Eager fans await their moment with Liza!

Liza signs for her fans. 


Let us know how you spent Indie Bookstore Day and what exclusive items you got!
Until next year…

 

 

 

 

 

So What Is This Indie Bookstore Day All About?

by Jessica on April 28, 2017

If you didn’t know April 29th is Indie Bookstore Day and we cannot wait to celebrate with indies everywhere.

Independent Bookstore Day is a one-day national party that takes place at indie bookstores across the country on the last Saturday in April.  Every store is unique and independent, and every party is different. But in addition to authors, live music, cupcakes, scavenger hunts, kids events, art tables, readings, barbecues, contests, and other fun stuff, there are exclusive books and literary items that you can only get on that day. Not before. Not after. Not online.

So what’s going on that day? We’re glad you asked!


What’s Happening at Vroman’s Main Store: 
695 E. Colorado Blvd., Pasadena, 91101 

10:30am – Special Storytime Guest Kathryn Otoshi!

In celebration of Indie Bookstore Day, author and illustrator Kathryn Otoshi is our special storytime guest!

Kathryn Otoshi is a multi-award winning author/illustrator and national/international speaker best known for her character-building book series, “Zero”, “One”, and “Two”. She goes to schools across the country to encourage kids to develop strong character assets, and helps teachers find customized, creative methods to engage and connect with their students through art, reading and the power of literature. Her latest book, “Beautiful Hands”, co-authored with Bret Baumgarten, is a call-to-action book reminding kids to use their hands to do something positive and inspirational for each other and our communities. Her upcoming book, “Draw the Line”, about boundaries and conflict-resolution, will be coming out in 2017.

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12:00pm –Literary Trivia!
Grab some friends, form a team and head over for an afternoon
of Literary Trivia!  Snacks and prizes, too! 

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3:00pm  – Liza Palmer launches her new book The FWord!
Fresh, frank, and fearless. Liza Palmer is a road warrior of contemporary fiction.
–Georgia Clark, author of The Regulars

Olivia Morten is perfect. Maybe she’s constantly hungry, but her body is to die for. Maybe her high-flying publicist job has taken over her life, but her clients are L.A.’s hottest celebrities. Maybe her husband is never around, but he is a drop-dead-gorgeous doctor. And maybe her past harbors an incredibly embarrassing secret, but no one remembers high school…right?  When Ben Dunn, Olivia’s high school arch nemesis and onetime crush, suddenly resurfaces, all of her hard-won perfection begins to unravel. As she finds herself dredging up long-suppressed memories, she is forced to confront the most painful truth of all: sometimes who we become isn’t who we really are. (Flatiron Books)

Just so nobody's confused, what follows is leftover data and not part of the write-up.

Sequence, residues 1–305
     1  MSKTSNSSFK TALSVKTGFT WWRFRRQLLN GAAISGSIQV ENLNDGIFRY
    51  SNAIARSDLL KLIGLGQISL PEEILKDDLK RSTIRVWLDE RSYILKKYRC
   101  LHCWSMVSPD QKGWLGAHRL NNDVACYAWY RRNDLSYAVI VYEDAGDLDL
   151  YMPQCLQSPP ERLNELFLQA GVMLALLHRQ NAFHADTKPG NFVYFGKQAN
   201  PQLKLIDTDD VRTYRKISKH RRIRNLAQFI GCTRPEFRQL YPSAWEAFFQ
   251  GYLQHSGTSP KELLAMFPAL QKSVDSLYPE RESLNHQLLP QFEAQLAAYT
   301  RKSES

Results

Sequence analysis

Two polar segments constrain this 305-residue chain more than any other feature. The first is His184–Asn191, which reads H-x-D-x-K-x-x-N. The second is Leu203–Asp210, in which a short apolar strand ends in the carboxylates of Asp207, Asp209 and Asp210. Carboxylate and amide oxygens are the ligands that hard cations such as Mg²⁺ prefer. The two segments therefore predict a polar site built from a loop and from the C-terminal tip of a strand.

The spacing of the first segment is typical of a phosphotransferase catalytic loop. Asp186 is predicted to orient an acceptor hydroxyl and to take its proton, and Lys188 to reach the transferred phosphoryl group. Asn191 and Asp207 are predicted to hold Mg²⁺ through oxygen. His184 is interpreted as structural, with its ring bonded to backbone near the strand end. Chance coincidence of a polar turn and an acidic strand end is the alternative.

What’s Happening at Hastings Ranch:
3729 E. Foothill Blvd., Pasadena, 91107

10:00am – 2:00pm:
Head to Hastings Ranch for a Bookstore Scavenger Hunt!
Visit the store anytime between 10am and 2pm, follow a series of clues around the bookstore, collect a special token and turn it in at our Book Information desk to win a prize! Prizes will be drawn randomly and can include gift cards, treats, and other fun items.


What’s Happening at Book Soup:
8818 Sunset Blvd. West Hollywood, 90069

2:00pm:
Book Soup celebrates Indie Bookstore Day with Kelly Osbourne
discussing and signing her new book,
There Is No F***ing Secret: Letters from a Badass Bitch

Told as a series of letters to various people and places in her life, There Is No F*cking Secret gives readers an intimate look at the stories and influences that have shaped Osbourne’s highly speculated-about life, for better or for worse. The stories will make readers’ jaws drop, but ultimately, they will come away empowered to forge their own path to confidence, no matter how deranged and out of control it may be, and to learn the ultimate lesson: that there just is no f*cking secret. (G.P. Putnam’s Sons)

EVENT GUIDELINES:

Only books purchased at Book Soup will be signed.  Your Book Soup receipt for There Is No F***ing Secret…is your ticket in line. Save your Book Soup receipt; it will be checked when you enter the signing line. The signing line will form outside of the front entrance. Due to the size of the store, only the first 60 people would be brought in for the talk.  The remainder of the line will be brought for the signing.


So what items are going to exclusive that day? Check it out!

Exclusive IDB Items:
*Quantities on these items are limited. There will be no holds or online orders.
You must come to the store on April 29 to purchase merchandise*

$6 Story: The Sandmeyer Reaction
by Michael Chabon
The second edition in the on-going $6 Stories series is a short story that was cut from Michael Chabon’s newest novel, Moonglow. It’s a hilarious side-story of the half-baked plan to catch a German spy via the well-connected Jews of Philadelphia’s underbelly in the 1940s. In typical Chabon style, it’s fast and funny, and bursting with a cast of perfectly rendered outcasts and oddballs.

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Welcome to Night Vale – Vinyl Record